Designing for the Student: Users' Styles and Department Web Sites
This article was originally published in Innovate (http://www.innovateonline.info/) as: Hall, T., R. Jensen, and D. McLean. 2008. Designing for the Student: Users' Styles and Department Web Sites. Innovate 5 (1). http://www.innovateonline.info/index.php?view=article&id=416. The article is reprinted here with permission of the publisher, The Fischler School of Education and Human Services at Nova Southeastern University.
Researchers have recognized that students rely on different learning styles and strategies to succeed, and the importance of recognizing different learning styles is well documented (e.g., Cassidy 2004; Vermunt 1994; Bransford et al. 1989; Kolb 1985). The same is true of how students use technological resources; it has become increasingly clear that there is no one-size-fits-all solution for all students. While a great deal has been written on these topics, the literature addressing such differences has focused primarily on course content (Fahy and Ally 2005; Lee et al. 2005; Ross and Lukow 2004; Baldwin and Sabry 2003; Brown, Bull, and Pendlebury 1997). There remains a dearth of research about the ancillary aspects of the education experience and about the uses of technologies not directly related to content but which students nonetheless incorporate into their overall learning and communication strategies. In this vein, academic department Web pages are important resources for students in higher education. These sites provide students with contact information for faculty members, sometimes including direct links to faculty members' home and course pages; information about class offerings and frequency; and data about the major, internships, external experiences, job placement, and the like. For some students, the department Web site becomes a support for academic advising and could be considered, in the broadest sense, a source for answers to frequently asked questions.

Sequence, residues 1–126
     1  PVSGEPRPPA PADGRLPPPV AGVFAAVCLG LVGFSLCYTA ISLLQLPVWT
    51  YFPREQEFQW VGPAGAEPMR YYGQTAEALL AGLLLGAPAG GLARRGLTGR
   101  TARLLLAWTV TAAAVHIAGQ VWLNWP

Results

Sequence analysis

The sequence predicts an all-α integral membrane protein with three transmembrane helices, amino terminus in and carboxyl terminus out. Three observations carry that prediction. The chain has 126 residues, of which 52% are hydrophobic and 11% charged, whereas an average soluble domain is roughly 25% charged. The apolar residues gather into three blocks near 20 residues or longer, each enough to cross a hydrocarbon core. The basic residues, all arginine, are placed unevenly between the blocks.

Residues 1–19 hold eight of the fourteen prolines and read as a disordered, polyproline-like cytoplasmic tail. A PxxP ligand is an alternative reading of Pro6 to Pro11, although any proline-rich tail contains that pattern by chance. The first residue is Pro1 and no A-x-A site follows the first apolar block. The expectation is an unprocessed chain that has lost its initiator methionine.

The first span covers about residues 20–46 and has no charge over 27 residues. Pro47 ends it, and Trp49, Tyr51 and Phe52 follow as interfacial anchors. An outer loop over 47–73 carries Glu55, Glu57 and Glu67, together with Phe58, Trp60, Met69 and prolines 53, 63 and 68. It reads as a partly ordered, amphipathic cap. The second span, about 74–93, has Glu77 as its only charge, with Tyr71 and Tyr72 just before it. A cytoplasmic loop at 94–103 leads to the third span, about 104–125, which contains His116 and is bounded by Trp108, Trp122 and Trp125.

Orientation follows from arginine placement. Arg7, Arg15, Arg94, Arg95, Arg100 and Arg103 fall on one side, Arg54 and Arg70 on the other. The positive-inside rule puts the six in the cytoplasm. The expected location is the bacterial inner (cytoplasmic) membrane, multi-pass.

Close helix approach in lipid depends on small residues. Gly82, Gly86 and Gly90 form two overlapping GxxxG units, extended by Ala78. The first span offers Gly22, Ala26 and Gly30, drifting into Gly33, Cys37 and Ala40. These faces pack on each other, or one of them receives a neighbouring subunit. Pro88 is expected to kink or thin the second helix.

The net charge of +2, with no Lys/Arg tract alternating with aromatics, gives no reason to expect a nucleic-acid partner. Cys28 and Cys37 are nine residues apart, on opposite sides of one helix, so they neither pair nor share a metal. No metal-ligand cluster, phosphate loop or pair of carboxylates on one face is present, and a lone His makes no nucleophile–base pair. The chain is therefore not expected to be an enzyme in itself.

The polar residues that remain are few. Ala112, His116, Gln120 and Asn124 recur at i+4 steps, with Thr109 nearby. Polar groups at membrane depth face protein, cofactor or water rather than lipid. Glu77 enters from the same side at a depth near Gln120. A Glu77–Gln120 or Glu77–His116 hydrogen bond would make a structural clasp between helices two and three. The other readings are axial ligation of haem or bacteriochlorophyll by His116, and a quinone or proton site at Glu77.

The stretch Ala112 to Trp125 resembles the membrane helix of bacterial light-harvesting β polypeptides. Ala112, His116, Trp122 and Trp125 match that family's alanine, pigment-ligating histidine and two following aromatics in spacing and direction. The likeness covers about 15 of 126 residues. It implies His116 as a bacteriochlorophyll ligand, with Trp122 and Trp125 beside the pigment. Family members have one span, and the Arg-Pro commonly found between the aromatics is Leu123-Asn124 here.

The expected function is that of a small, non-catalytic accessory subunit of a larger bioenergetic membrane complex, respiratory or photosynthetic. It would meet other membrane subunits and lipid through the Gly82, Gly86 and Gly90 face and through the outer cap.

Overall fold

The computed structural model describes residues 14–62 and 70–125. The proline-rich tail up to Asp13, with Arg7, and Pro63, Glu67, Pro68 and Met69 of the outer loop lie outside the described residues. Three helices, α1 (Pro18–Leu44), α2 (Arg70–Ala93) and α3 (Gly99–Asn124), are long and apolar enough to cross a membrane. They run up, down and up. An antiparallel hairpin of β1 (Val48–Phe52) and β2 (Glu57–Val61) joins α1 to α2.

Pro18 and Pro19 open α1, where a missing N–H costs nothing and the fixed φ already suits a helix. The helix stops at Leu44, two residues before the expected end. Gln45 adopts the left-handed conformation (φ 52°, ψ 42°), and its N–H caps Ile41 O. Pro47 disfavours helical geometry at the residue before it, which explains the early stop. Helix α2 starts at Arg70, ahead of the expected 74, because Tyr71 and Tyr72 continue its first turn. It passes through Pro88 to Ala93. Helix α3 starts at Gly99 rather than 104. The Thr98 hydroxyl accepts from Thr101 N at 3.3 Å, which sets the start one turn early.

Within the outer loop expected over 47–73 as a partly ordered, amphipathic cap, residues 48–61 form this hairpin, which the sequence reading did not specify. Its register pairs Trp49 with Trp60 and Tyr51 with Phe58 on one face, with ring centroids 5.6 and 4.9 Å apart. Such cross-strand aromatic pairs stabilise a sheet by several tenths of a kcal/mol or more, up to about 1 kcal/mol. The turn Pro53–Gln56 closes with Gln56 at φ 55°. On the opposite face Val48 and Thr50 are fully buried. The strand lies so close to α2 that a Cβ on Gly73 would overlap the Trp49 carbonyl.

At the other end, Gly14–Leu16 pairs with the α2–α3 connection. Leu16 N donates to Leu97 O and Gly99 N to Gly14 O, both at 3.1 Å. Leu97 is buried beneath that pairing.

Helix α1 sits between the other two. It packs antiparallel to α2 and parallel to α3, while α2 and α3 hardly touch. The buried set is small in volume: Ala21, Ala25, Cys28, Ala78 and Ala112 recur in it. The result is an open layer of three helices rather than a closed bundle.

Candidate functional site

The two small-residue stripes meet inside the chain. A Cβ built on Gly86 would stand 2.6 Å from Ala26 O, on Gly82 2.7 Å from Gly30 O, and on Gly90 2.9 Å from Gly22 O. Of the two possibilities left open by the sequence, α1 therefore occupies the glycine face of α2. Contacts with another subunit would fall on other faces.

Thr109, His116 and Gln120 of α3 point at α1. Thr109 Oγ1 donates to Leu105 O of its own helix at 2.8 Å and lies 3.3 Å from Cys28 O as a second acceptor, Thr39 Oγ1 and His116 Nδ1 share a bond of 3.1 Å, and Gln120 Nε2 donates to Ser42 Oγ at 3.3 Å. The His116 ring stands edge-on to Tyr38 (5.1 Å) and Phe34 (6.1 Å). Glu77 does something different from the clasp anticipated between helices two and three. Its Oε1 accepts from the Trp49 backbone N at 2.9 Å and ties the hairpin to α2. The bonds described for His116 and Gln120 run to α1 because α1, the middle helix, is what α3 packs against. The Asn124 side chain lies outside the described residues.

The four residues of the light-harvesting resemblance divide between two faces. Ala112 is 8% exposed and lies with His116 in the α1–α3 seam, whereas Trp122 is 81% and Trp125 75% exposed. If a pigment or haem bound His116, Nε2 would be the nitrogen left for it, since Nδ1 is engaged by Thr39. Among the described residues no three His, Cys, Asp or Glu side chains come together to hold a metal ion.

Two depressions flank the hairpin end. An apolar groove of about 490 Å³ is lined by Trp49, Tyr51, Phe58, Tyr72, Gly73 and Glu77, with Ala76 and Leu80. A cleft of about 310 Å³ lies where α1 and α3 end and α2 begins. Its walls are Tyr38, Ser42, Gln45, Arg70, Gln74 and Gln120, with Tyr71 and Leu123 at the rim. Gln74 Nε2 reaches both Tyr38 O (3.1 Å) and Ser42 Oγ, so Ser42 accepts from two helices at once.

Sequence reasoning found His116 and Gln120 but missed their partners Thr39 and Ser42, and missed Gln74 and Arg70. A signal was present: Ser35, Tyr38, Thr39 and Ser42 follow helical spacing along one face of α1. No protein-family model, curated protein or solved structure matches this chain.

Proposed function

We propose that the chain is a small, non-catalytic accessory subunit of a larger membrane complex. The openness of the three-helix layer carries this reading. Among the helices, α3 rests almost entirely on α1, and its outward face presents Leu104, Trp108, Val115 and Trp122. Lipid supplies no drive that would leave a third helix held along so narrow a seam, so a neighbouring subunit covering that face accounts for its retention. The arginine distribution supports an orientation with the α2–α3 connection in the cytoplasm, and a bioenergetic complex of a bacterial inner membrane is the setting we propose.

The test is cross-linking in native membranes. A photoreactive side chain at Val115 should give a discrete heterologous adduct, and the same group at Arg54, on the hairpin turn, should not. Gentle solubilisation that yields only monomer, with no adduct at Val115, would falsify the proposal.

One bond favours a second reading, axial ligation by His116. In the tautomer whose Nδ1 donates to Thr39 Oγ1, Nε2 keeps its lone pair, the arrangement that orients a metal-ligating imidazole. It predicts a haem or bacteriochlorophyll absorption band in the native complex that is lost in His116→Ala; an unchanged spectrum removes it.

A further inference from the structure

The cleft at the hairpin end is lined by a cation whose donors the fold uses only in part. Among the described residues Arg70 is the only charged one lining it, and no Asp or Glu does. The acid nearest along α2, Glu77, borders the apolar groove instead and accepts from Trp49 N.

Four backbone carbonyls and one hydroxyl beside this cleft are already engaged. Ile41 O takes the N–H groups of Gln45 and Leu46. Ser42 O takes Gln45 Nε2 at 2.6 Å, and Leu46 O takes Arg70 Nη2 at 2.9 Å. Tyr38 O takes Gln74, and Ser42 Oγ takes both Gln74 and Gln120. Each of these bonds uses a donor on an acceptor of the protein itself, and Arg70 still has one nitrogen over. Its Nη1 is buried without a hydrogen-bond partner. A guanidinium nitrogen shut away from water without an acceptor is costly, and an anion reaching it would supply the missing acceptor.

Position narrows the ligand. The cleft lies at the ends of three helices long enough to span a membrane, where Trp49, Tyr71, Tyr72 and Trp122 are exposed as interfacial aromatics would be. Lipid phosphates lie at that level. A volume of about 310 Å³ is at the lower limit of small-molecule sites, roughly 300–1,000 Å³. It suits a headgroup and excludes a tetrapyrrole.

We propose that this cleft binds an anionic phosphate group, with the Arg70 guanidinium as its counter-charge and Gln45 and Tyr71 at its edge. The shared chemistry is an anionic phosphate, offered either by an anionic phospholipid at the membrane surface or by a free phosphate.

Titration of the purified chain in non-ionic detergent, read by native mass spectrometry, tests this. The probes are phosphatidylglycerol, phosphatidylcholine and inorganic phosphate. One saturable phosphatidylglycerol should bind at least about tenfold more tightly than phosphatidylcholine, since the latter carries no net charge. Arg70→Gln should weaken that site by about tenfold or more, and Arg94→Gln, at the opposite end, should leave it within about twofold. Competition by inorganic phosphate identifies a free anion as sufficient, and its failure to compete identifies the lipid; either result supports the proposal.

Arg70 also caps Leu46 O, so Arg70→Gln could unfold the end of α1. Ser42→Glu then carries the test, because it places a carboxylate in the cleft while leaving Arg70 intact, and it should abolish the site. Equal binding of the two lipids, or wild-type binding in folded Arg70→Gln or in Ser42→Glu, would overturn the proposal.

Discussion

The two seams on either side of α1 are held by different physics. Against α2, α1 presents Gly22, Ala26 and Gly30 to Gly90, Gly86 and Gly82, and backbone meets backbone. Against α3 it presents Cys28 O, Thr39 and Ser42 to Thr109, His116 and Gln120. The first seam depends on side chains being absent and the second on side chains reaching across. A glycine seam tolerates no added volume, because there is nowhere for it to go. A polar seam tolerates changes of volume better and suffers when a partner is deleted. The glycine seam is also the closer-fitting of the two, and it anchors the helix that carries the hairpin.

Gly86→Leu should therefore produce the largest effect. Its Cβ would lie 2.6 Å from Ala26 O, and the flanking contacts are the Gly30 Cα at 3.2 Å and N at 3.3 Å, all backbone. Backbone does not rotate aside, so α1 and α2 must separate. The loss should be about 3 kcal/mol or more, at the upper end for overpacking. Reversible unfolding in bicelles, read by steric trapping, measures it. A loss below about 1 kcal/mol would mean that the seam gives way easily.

Although academic department Web pages play an important role in communicating with students, little research has been done to determine what kinds of information current students value on department Web pages. In this study, we examine how students value information commonly placed on department Web pages and suggest that just as in learning, different users have different information needs.
Trevor Hall, Ryan Jensen, and Daniel McLean. "Designing for the Student: Users' Styles and Department Web Sites" Innovate (2008).
Available at: http://works.bepress.com/trevor_hall/3